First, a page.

The few times I’ve tried to discuss the “no ideas” issue with my colleagues… it seems like I’m the only one who struggles with it.

Me: I have no ideas. I just go blank when I’m up there.

Them: Wow, really? That must suck.

Ehhhh. I’m still hoping some of this will come with time and practice and experience.

(2) The good.

My warmup scene was very well-received.

Check out all those likes, that's right, I'm fucking awesome

Names and faces blurred to make it marginally harder for creeps to track us down

I’m not terrible at everything, yayyy!!!

It’s my second show ever, and it went better than my first, and maybe my third will go better (maybe not, but I can hope), and it was an experience, and it was kind of fun, and I CAN DO THIS.

Ladies be improvisin’

We Might Just Kiss: A Female Improv Event

This past week, I discovered an email from Megan Gray, artistic director at the Magnet. I’m on Magnet and PIT mailing lists by choice, so, y’know, whatever, I opened it.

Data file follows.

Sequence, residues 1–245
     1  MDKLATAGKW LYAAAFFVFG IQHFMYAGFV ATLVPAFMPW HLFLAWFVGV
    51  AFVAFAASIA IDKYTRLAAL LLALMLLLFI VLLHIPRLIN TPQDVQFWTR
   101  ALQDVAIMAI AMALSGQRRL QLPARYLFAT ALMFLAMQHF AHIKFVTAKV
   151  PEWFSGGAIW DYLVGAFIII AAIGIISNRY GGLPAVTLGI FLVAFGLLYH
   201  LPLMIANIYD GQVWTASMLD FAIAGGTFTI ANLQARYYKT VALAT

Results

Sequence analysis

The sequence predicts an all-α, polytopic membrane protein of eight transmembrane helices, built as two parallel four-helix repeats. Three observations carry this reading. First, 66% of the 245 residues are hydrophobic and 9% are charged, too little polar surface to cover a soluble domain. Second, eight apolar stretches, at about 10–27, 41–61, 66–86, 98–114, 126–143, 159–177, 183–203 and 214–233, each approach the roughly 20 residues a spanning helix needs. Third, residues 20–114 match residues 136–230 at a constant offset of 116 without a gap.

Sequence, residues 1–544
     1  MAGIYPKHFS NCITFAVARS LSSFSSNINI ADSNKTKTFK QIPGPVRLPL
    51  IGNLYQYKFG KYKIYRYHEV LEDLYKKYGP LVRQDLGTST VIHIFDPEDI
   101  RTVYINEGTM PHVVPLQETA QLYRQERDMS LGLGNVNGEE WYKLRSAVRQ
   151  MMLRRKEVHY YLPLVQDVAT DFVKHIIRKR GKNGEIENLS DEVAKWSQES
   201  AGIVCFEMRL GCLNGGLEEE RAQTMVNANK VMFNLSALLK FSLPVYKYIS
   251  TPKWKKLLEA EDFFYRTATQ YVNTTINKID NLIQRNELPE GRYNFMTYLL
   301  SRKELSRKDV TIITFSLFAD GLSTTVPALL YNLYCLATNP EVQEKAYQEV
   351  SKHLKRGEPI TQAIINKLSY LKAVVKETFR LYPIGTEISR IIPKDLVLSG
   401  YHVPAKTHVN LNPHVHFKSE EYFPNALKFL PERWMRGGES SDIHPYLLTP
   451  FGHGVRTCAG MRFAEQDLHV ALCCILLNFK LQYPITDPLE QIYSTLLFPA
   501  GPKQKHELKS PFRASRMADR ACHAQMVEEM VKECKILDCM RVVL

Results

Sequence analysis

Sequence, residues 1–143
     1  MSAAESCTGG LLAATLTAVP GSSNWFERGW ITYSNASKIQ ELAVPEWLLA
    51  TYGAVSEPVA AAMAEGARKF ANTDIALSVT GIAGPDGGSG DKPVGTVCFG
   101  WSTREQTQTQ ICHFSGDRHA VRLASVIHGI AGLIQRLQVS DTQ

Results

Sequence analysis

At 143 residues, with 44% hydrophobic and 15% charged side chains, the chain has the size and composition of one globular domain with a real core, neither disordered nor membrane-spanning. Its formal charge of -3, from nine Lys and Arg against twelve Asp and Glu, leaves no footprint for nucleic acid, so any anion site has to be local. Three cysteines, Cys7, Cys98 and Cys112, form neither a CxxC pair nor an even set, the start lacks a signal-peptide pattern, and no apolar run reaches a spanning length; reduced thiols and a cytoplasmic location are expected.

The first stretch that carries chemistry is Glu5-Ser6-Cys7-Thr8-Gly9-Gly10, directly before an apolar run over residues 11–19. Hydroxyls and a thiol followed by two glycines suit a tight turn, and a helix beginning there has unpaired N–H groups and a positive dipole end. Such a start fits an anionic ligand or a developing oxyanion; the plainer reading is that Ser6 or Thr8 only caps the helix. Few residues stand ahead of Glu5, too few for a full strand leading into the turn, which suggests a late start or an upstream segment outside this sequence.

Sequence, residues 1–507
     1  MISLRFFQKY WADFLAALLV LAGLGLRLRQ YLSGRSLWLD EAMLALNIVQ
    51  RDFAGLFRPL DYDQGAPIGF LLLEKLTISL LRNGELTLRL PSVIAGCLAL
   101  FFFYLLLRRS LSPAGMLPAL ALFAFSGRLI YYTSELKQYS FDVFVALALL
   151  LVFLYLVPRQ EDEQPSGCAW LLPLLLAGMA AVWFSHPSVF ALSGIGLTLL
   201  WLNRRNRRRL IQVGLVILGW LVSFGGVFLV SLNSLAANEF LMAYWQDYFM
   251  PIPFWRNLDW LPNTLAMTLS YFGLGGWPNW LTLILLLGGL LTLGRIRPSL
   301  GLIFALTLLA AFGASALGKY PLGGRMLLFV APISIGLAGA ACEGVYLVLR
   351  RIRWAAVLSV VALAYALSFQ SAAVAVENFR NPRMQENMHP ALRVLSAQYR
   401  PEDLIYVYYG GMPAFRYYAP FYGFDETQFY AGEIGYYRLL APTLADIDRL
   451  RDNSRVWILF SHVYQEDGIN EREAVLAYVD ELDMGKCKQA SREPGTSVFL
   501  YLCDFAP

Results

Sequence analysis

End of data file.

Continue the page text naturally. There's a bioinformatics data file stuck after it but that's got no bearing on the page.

It was NOT, as I had assumed, a mass-mailing; it was a semi-personal request for me to participate in next week’s monthly “female improv event.”

WHAT THE WHAT.

(I said yes.)

(…after stumbling around my office in disbelief for half an hour.)

Megan often leads those Thursday night jams I do to help conquer my stage fright; she must have tracked me down from that. (Props to her detective skills, ‘cos I never use my last name to sign up.)

I’m terrified.

Trying to morph that terror into “nervous/excited.”

But I’m prepared for this. I’ve spent months focusing on improv and stage fright. The only way to get over my fear is to JUST KEEP FACING IT until I’m not afraid anymore.

This performance will just be one line in my soon-to-be-long list of terrifying performances. It won’t be amazing, and that’s okay.

Maybe I will fall flat on my face again, but the important thing is I AM GOING TO TRY.

Bold character choices. Character, emotion, start in the middle of the scene. Let it evolve. Commit. First unusual thing.

…Get out of your damn head.

Before the show, I have two practice groups and half a class— plenty of chances to work things out, get my head in a good place.

I can do this.

I know what I’m doing.

Deep breaths.

This’ll be fun.